In this video, I’m joined by Hannah from L-CMD Research Foundation. Hannah created the L-CMD Research Foundation after her son, Austin, was diagnosed with a fatal, muscle-wasting disease called LMNA-related congenital muscular dystrophy (L-CMD). Right now, the L-CMD Research Foundation is raising $2M before Austin's 2nd birthday to fund a gene therapy project that could save his life and the lives of other similarly situated children. Good news: they’re nearly halfway to their goal! Hannah’s sharing:
- Why they chose Givebutter (Hint: Peer-to-peer fundraising!)
- What has made this campaign so successful
- Tips, tricks, and lessons learned for expanding your reach to deepen your impact
“We researched a lot of different platforms to use and we got to know Givebutter and we really liked all the features and the ability to do the peer-to-peer fundraising and events and everything. It just seems so user friendly. That's how we came to be on Givebutter. I would say the biggest chunk of our success so far has been in peer-to-peer fundraising.”
Get ready to take notes!
Campaign at a glance
Full video script
Rachel: Hey everybody! Rachel here with Givebutter. Thanks for joining for another Success Story from the Givebutter community. Today, we are highlighting a really special campaign: the L-CMD Research Foundation’s 2 Before 2 campaign. Right now, they're raising $2 million to fund the research and development of LMNA-related congenital muscular dystrophy, or L-CMD, before Austin’s second birthday this August. So far, they've raised over $771,000. Yes, they're getting close to the halfway mark! I have Austin's mom here with me. Hannah is going to share how they made this ambitious and heartfelt campaign so successful as well as tips, tricks, and lessons learned along the way. Hannah, thank you so much for joining and sharing your success with us.
Hannah: Yeah! Thank you, Rachel. Thanks everybody at Givebutter. It's been really nice working with you guys.
Rachel: To start, why don't you go ahead and introduce yourself and a little bit more about your foundation.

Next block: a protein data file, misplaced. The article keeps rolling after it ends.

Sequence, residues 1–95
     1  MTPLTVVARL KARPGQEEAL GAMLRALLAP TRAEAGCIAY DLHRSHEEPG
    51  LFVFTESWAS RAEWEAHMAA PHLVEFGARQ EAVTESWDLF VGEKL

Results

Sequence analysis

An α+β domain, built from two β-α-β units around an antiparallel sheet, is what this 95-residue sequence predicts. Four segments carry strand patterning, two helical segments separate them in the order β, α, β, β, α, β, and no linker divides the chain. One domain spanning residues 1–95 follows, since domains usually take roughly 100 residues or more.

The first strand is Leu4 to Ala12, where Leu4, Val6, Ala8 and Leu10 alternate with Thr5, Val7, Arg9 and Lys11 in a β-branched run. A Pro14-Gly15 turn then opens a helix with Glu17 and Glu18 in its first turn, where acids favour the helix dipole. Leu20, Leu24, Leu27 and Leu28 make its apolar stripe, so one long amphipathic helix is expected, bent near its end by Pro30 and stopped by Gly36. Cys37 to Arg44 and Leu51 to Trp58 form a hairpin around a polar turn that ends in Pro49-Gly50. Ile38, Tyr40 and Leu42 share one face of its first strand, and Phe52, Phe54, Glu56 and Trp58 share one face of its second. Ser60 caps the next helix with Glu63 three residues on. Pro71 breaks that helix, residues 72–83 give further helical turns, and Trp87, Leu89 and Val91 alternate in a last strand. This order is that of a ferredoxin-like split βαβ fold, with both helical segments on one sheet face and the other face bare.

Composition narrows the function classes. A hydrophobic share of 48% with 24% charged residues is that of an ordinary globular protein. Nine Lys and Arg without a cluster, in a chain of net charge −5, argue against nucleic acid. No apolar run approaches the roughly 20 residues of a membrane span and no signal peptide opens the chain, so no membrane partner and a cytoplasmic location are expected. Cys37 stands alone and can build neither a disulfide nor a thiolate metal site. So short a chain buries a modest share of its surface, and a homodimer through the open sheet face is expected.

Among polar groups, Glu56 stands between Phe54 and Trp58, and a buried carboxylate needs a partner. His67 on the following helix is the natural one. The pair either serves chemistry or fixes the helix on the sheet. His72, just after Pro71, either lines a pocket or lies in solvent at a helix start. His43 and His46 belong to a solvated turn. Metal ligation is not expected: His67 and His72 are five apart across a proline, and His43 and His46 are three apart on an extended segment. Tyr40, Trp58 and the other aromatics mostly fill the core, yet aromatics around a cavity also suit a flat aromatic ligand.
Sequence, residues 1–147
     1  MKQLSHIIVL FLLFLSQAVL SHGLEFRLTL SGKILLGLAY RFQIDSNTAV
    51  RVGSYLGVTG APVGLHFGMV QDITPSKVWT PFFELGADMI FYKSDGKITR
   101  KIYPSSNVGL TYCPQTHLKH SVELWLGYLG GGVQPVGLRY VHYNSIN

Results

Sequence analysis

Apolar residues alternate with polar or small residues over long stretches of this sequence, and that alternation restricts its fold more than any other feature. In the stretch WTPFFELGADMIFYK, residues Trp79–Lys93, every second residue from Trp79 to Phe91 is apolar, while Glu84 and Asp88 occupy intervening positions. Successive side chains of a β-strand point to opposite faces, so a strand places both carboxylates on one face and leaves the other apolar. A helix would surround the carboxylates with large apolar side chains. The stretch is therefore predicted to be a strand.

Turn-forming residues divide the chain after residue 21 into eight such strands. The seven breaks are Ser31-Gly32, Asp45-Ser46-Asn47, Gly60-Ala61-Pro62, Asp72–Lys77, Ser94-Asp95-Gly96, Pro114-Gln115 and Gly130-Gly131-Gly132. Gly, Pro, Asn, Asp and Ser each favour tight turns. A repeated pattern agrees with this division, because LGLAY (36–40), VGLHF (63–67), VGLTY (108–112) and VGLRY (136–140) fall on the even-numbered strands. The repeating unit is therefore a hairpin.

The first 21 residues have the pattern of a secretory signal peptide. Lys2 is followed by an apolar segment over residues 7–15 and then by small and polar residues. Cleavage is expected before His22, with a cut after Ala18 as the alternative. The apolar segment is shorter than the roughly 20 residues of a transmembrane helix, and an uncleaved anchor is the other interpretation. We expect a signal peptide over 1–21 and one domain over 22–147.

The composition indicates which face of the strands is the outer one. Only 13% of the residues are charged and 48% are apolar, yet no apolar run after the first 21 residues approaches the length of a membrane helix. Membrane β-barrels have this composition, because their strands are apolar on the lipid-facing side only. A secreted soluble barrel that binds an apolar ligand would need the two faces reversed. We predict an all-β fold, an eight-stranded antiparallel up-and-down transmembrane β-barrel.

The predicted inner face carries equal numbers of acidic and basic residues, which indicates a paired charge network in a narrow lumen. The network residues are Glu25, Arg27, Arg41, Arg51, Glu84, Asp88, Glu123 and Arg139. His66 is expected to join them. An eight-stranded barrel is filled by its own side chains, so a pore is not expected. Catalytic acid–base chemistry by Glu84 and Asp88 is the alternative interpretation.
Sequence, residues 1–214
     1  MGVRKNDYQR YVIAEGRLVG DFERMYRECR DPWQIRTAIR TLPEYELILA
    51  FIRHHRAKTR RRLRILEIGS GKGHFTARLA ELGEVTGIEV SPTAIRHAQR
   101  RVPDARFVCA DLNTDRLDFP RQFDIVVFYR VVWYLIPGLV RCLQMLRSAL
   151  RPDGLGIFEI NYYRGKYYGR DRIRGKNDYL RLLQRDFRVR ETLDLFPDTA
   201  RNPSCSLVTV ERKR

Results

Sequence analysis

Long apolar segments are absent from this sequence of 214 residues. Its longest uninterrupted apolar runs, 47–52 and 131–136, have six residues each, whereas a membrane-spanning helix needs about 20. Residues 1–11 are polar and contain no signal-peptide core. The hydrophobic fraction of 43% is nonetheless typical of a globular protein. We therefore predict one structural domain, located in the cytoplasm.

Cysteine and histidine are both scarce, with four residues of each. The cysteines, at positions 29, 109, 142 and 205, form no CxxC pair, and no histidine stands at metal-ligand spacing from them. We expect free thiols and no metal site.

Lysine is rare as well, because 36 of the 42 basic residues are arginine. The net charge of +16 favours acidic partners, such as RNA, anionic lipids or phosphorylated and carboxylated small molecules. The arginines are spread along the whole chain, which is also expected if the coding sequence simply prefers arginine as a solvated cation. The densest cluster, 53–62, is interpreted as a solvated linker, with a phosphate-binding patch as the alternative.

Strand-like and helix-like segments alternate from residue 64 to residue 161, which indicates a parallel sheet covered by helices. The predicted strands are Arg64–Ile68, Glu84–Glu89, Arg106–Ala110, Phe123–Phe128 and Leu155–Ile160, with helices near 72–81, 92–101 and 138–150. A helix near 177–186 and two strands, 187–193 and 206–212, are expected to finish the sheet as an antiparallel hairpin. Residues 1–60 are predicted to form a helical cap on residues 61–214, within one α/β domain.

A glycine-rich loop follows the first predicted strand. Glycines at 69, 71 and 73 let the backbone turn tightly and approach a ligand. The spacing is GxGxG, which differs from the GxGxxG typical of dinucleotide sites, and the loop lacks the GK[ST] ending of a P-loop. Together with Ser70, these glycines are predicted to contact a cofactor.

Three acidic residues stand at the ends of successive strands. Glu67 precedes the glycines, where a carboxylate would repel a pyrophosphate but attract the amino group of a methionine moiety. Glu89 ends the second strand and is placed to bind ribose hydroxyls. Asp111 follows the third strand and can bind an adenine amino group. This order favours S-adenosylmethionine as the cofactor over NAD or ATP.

Hannah: Sure! I'm Hannah. As Rachel said, my son is Austin. He is about a year and a half old, and he has L-CMD which is a rare and severe form of muscular dystrophy. He was diagnosed last year through genetic testing, and it was a completely brand new DNA mutation that neither my husband nor I have, so we were completely shocked. What the diagnosis means is essentially that his muscles are going to get weaker and weaker—in particular, his heart and his lungs. They just really couldn't tell us how long he'll have to live. However, his mind is sharp and typical. He's a happy and funny little kid. They also told us that there is nothing to do and to just go home and love him and enjoy whatever time we have together. Obviously, we absorbed all that and then started processing and researching and figuring out, okay, what's out there in the science community? What could we glom on to? What can we do? We ended up basically discovering through networking and talking to people that there are scientific technologies that are advancing all the time for these rare genetic diseases. It's just a matter of finding a researcher who's willing to dive into it and translate what's already been done because there has actually been a lot of research done. Translate it into a treatment or into something that can go into patients. So, we started this 501(c)(3) nonprofit during the pandemic. Went through that whole process to get that tax exempt status and, along the way, we found a bunch of partners to work with. In particular, we came across two researchers—one at UMass Medical and one in Madrid, Spain—who were willing and excited to collaborate and help us as well to create a gene therapy treatment for L-CMD. Then, we launched this 2 Before 2 campaign to fundraise for that specific project. And yes, as you mentioned, the goal is $2 million before Austin turns 2 in August. We launched the campaign on Valentine's Day of 2021 because that was the one year anniversary of when we brought Austin home from the hospital with his diagnosis. We kind of did a soft launch. We weren't really expecting to go full out, but so many people came forward and wanted to help and wanted to donate that we're like, “Okay, let's go!” We researched a lot of different platforms to use and we got to know Givebutter and we really liked all the features and the ability to do the peer-to-peer fundraising and events and everything. It just seems so user friendly. That's how we came to be on Givebutter. I would say the biggest chunk of our success so far has been in peer-to-peer fundraising.